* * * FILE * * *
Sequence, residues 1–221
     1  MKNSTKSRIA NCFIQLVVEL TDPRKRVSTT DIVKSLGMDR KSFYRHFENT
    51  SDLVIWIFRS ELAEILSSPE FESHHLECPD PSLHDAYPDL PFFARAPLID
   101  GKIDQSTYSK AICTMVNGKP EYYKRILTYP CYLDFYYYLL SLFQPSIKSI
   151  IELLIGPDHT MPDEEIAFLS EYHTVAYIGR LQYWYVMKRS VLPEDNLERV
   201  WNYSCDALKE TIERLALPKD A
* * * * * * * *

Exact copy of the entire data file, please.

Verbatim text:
Sequence, residues 1–221
     1  MKNSTKSRIA NCFIQLVVEL TDPRKRVSTT DIVKSLGMDR KSFYRHFENT
    51  SDLVIWIFRS ELAEILSSPE FESHHLECPD PSLHDAYPDL PFFARAPLID
   101  GKIDQSTYSK AICTMVNGKP EYYKRILTYP CYLDFYYYLL SLFQPSIKSI
   151  IELLIGPDHT MPDEEIAFLS EYHTVAYIGR LQYWYVMKRS VLPEDNLERV
   201  WNYSCDALKE TIERLALPKD A